Typically we start by showing the younger kids, 13-15 year olds , how view cameras work and teach them about the 4x5 format, its history, etc. At this stage, they begin with 4x5 paper negs and pinhole cameras they build themselves. From this we teach them the basics of optics, the camera obscura and so forth until they are introduced to cameras with lenses. We have a Cambo 8x10 and my personal Omegaview 4x5 that serve as exemplars. Aside from the 4x5 pinholes, they are taught composition, exposure, focus, etc. on 35mm cameras. Once comfortable with those fundamental aspects of photography, they get to use the 8x10 and 4x5. leading up to this, they learned about large format with no practical experience aside from pinhole. They begin with using the 8x10 in studio. Lighting and composition are more or less per-arragned, but they get to load the holders with ortho film or paper in the darkroom. They get to cock the shutter, focus (with no movements), load the back, pull out the darkslide and fire. The students are put in pairs, so they shoot headshots of each other, each with one side of the film holder. They basically get to shoot their own class portraits, and we put them on display at the year end art show!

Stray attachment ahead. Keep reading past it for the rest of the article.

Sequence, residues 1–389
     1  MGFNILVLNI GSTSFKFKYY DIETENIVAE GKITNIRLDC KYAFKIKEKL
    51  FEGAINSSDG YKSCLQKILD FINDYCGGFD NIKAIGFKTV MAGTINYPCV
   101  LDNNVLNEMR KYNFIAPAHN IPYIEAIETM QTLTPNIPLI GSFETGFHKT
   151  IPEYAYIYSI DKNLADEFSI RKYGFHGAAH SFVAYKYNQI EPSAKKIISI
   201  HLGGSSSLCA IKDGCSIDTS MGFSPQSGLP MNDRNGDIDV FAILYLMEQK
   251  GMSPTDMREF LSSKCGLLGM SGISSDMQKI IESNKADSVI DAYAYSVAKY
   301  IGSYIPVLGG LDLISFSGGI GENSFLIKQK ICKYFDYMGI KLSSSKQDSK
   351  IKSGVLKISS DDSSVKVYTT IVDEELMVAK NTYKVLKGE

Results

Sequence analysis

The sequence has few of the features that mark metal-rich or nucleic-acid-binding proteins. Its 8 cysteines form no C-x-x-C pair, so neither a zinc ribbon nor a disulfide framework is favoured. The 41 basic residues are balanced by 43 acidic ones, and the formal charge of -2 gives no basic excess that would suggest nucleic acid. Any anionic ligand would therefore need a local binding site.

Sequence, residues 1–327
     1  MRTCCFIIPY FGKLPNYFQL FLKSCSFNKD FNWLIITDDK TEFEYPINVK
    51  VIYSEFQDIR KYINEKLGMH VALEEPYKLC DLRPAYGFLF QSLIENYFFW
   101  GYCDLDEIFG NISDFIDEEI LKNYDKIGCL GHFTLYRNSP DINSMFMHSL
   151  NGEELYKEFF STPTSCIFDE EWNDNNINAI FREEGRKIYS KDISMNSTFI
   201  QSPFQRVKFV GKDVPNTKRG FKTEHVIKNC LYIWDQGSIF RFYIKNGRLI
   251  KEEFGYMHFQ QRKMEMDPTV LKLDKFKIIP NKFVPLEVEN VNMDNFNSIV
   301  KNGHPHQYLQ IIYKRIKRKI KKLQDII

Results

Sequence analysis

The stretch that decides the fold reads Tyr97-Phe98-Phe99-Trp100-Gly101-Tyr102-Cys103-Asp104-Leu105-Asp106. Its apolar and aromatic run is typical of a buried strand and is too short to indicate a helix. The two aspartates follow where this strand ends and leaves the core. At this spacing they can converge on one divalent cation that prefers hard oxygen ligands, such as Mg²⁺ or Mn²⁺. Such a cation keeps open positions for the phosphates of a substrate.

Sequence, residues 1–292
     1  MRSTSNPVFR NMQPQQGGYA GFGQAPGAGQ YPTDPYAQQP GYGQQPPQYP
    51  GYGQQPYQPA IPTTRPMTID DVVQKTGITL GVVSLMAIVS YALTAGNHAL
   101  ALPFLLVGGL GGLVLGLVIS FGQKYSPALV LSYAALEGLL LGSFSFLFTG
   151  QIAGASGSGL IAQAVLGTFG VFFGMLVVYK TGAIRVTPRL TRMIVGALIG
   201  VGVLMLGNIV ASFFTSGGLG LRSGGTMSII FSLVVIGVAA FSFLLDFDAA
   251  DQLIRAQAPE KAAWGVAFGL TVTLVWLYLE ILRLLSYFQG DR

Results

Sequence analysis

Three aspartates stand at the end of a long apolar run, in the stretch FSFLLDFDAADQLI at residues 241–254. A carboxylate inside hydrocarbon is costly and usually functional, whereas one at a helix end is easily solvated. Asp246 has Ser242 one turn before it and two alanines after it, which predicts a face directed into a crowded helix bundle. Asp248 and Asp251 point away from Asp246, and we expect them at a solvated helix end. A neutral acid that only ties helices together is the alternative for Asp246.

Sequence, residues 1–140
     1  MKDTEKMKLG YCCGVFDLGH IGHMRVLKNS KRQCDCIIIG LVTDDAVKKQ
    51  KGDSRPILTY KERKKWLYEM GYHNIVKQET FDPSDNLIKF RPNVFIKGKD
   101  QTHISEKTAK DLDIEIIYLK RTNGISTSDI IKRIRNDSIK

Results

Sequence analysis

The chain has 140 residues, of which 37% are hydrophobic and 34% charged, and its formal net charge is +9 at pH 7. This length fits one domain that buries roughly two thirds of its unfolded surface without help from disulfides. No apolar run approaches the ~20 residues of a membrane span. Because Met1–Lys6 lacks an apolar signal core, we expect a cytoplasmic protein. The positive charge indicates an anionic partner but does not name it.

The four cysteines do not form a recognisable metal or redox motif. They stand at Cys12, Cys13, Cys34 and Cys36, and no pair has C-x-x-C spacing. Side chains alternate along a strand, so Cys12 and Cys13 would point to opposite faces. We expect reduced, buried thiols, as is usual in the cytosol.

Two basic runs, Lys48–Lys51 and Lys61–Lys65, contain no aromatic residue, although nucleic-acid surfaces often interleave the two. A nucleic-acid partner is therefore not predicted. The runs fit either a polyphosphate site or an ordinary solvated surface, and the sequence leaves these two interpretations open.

We stay in the studio for a few more weeks and allow them to shoot portraits of each other (older students are encouraged to find models). As they get more comfortable with the view cameras, students learn about the scheimpflug principle. They are introduced to other films, such as x-ray film (cheap) and B/W negative, often Arista stock or HP5. They are also taught how to contact print, and how it relates to various techniques (e.g. cyanotype, which they often do on clothing, salt prints and wetplate). We let them experiment from here on out, with a bit less structure. At the end of the year, they get to keep their own portraits they shot at the start of the year. Along with the prints they made during the year, those class portraits are displayed at a year-end show.

A bit of an anecdotal point, I've found small black t-shirts to work well as interim darkcloths. Put the big end around the camera, the small end around your head, and you're good to go. ;)